Pennsylvania police chief charged with helping distribute cocaine, methamphetamine

A Pennsylvania police chief accused of helping to distribute cocaine, methamphetamine and other narcotics faces 20 years in prison, federal prosecutors announced Wednesday. 

If convicted, Greensburg, Pennsylvania, police chief Shawn Denning, 41, also faces a $1 million fine. Denning faces six total counts of drug distribution related charges and prosecutors said the crimes occurred during a 16-month period, from June 2021 to Oct. 2022. 

Greensburg Mayor Robert Bell told USA TODAY Wednesday that Denning “was no longer with” the city in light of the charges. Greensburg is a town of about 15,000 residents in western Pennsylvania. Its police department has 27 officers

Probable cause affidavit reveals details 

Drug Enforcement Administration investigators said they used an informant to collect evidence against Denning. The informant had prior convictions and faced potential federal drug charges in an unrelated investigation and cooperated with the DEA in hopes of receiving a more lenient sentence, according to the affidavit. 

The informant first met Denning in summer 2021, when Denning was still a Captain, according to the affidavit. Denning told the informant he knew dealers in California who could send him drugs. 

Affidavit gives timeline of alleged crimes

  • From June 2021 to Oct. 2022, Denning served as a middleman who facilitated the informants’ purchase of large quantities of drugs by connecting him with multiple suppliers for whom he vouched. 
  • The informant told Denning he knew he was a police officer, but heard he could help him find drugs. 
  • Denning had the informant message him on Wickr because “It’s how all the heavy hitters conduct business it’s encrypted so virtually impossible to be intercepted ever,” according to the affidavit. 
  • In Nov. 2021, Denning connected the informant with a cocaine dealer. The informant ultimately purchased a quarter ounce of cocaine for $450, which he sent the dealer via Venmo. 
  • The informant asked Denning who would “take care” (pay) of him. Denning responded “I don’t sell anything man I just know folks is all. Dude will handle it all he’s trustworthy.” 
  • The cocaine was sent to the informant via mail. When the package was delayed at one point, Denning checked on its status for the informant.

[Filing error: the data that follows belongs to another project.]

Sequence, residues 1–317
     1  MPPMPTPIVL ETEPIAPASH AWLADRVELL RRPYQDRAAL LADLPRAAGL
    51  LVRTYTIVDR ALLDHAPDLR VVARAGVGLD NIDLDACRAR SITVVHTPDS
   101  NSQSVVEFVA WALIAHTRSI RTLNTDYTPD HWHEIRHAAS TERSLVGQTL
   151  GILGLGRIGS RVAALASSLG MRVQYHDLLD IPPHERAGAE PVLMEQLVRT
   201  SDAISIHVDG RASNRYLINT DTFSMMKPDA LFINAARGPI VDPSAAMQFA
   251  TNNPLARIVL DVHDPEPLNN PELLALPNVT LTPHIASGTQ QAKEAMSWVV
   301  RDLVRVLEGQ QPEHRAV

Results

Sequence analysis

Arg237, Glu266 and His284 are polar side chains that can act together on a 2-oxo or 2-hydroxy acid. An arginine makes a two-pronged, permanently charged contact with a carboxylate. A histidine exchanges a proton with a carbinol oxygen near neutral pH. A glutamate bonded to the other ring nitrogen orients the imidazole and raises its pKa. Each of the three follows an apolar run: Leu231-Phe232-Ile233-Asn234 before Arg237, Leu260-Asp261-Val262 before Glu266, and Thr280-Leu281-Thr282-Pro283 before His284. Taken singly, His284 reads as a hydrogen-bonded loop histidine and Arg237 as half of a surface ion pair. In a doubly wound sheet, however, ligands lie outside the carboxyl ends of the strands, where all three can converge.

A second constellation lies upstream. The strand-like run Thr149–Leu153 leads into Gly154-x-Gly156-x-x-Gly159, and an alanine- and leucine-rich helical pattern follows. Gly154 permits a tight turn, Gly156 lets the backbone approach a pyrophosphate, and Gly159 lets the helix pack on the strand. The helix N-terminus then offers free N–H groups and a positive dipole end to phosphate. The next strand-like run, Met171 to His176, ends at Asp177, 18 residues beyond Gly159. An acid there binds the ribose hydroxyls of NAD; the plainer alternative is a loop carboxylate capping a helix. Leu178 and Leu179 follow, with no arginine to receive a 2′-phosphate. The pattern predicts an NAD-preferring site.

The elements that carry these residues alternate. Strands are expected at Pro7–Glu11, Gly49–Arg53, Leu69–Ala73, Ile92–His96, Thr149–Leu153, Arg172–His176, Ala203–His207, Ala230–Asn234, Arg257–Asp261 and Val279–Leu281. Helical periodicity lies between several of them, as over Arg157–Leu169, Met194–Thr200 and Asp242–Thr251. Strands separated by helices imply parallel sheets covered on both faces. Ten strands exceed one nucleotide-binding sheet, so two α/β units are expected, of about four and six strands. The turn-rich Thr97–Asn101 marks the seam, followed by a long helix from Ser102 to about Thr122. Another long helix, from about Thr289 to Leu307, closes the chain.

• The informant bought another ounce of cocaine from the same dealer in Feb. 2022. 
  • From May to July 2022, Denning connected the informant to suppliers for other drugs such as Adderall and ecstasy, and helped look into any delays or hang ups the informant ran into when purchasing from the dealers. At one point, Denning sent a photo of a menu of drugs a dealer he knew offered. 
  • When a $500 shipment of Adderall never arrived from one of the dealers, Denning met with the informant in person at a cornhole tournament in October, and gave him a set of cornhole bags to make up for “bad business.” 

Conspiracy to distribute

Prosecutors charge Denning with five counts of “aiding and abetting” the distribution of narcotics, and a sixth count of “conspiracy to possess with the intention to distribute” narcotics. Although Denning never directly sold drugs to the informant, prosecutors said the totality of his actions amounted to conspiracy.

According to the affidavit, Denning: 

  • Connected the informant to suppliers.
  • Sent menus and product prices to the informant. 
  • Said he had connected other people to suppliers. 
  • Checked the status of at least one of the deliveries for the informant. 
  • Checked on quality of product after it was received.
  • Sent money to suppliers.
  • Provided cornhole bags to the informant as compensation after a deal fell through.
  • Was told multiple times by the informant that he intended to distribute the drugs he bought to other people.

Ex-chief was a Marine

Denning became chief in March, the Pittsburgh-Tribune Review reported. He had been with the department since 2008, and previously served four years as Marine before a stint with the New York Police Department, according to the Pittsburgh-Tribune Review.

 A lawyer for Denning was not listed in a court database Wednesday. A message sent by USA TODAY to Denning’s work email was not returned. 

Denning was released on $250,000 bail Tuesday, court documents show. 

According to the Pittsburgh-Tribune Review, on the day the Denning took his oath as chief he said “I have the utmost respect for the title of chief of police…I have great expectations of myself.” 

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